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Holocaust Paintings
Judith Weinshall Liberman
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Haulocaust Paintings

Holocaust Paintings

HOLOCAUST PAINTINGS introduces the reader to a series of paintings about the Holocaust which the artist-author Judith Weinshall Liberman created during her long career in visual art. The series is in the permanent collection of the Florida Holocaust Museum in St. Petersburg, Florida. The paintings are here presented to the reader for the first time in one volume. The clear text and the accompanying images of the artworks combine to throw light on the scope and meaning of the artist-author's paintings about the Holocaust.


The HOLOCAUST PAINTINGS were begun in 1987. The series consists of thirty-eight acrylic works on stretched canvas, some combining brush painting with techniques such as block printing, stenciling and collage.

The HOLOCAUST PAINTINGS are made up mainly of two distinct groups: First, there are the Scenes of the Holocaust. These are works which refer more or less to the visible world; in the continuum between realistic and abstract, they are closer to the former than to the latter. In these works people usually take center stage. They are seen as either utterly isolated or as part of a totally depersonalized mass. In either situation the individual is portrayed as stripped of his/her humanity by the Holocaust.

In the second group, the Maps of the Holocaust, the Shoah is depicted in more abstract terms. Places and numbers, as well as other symbols of destruction, take the place of the individual in telling the story. Often in these works, as in the Scenes, people appear, but this is done within the broader context of place and time.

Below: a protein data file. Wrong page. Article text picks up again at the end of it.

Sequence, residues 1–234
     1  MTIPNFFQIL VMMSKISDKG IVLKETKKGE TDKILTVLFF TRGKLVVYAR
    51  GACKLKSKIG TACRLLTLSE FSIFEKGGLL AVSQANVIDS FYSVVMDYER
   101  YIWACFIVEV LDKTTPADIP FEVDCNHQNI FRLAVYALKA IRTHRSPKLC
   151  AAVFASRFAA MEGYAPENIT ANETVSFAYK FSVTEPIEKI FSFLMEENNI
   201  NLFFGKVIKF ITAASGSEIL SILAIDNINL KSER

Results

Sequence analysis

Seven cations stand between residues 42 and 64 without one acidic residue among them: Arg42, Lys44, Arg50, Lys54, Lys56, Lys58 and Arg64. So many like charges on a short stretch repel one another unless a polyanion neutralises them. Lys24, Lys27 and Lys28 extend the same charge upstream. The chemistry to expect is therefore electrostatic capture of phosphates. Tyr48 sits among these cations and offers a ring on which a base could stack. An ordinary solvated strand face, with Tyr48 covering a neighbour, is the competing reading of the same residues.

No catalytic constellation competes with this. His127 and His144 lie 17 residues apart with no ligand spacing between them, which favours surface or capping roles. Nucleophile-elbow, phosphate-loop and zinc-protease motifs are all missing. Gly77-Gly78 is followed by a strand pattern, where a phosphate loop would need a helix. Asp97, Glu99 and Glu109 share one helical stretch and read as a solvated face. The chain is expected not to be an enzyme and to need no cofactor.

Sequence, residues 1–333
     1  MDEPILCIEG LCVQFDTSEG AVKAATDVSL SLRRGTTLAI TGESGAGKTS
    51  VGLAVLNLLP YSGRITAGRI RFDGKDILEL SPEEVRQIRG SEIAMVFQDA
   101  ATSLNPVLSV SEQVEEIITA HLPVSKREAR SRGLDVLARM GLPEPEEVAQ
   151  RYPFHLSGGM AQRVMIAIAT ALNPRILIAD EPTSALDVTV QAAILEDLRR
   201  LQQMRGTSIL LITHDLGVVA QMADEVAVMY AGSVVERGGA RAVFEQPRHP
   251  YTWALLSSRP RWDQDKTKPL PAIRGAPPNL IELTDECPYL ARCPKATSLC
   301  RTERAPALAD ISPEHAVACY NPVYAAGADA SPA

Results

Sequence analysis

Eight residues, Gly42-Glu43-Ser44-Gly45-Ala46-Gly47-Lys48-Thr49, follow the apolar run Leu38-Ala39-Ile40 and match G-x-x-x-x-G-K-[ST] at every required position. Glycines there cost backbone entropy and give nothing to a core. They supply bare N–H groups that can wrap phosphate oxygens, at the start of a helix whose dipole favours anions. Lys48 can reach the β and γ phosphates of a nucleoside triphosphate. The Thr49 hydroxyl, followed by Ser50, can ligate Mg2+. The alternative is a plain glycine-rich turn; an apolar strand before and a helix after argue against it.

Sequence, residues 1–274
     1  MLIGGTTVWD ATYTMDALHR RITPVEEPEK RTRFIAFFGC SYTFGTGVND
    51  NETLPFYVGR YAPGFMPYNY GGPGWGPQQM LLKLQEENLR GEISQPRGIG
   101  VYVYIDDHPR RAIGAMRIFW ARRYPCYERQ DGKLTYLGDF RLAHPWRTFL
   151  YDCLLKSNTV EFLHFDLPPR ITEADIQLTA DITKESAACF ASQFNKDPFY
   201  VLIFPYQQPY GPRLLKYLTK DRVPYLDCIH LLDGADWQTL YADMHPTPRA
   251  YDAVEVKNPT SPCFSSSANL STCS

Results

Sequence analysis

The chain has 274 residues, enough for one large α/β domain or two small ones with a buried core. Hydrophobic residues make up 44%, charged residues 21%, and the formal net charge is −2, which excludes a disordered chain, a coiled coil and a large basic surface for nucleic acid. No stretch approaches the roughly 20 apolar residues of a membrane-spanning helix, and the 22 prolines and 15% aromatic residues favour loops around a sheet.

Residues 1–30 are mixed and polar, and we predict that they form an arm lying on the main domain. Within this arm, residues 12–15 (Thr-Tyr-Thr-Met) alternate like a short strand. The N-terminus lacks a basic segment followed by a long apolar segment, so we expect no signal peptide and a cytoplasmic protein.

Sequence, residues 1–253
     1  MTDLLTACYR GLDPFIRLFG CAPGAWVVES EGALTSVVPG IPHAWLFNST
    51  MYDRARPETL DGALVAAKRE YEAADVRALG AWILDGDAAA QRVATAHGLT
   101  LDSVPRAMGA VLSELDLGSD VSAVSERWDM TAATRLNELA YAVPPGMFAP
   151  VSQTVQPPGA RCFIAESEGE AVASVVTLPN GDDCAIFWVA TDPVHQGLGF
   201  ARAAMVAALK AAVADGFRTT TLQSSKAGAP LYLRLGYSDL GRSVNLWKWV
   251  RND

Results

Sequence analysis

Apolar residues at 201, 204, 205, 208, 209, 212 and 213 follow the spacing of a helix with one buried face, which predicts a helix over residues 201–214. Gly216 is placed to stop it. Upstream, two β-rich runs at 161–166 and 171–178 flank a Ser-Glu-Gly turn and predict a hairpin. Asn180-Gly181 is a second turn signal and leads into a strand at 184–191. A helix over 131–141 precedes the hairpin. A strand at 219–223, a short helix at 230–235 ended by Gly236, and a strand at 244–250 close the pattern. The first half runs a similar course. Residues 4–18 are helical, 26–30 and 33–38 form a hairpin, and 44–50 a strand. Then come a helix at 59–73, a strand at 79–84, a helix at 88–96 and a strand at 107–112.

Although both the Scenes and the Maps are based on historically accurate data, their chief impact is achieved through their composition and color expression. Employed is a limited palette of mostly red, black and gray, to create a mood throughout the series. The choice seems inevitable: red – blood and fire; gray – suffering and despair; black – death.

After spending years creating artwork – both paintings and wall hangings - about the Holocaust, I began exploring my personal relationship with the subject as well as the Holocaust's deeper philosophical implications. This exploration was expressed in a third group, the Epilogue works. These works raise an artist's fundamental post-Holocaust question about God: Where was He during the Holocaust, while millions of innocents perished? More specifically, the Epilogue works included in the Holocaust Paintings series reaffirm an artist's need to express the Shoah no matter what prohibition may be contained in the Second Commandment.

The HOLOCAUST PAINTINGS are dedicated to the memory of my husband, Robert Liberman, who, as a member of the United States liberating forces, saw Dachau in 1945 and never forgot.

LIKE SHEEP TO THE SLAUGHTER (From the musical "To Be An Artist") Listen Read the lyrics
RED, GRAY, AND BLACK (From the musical "To Be An Artist") Listen Read the lyrics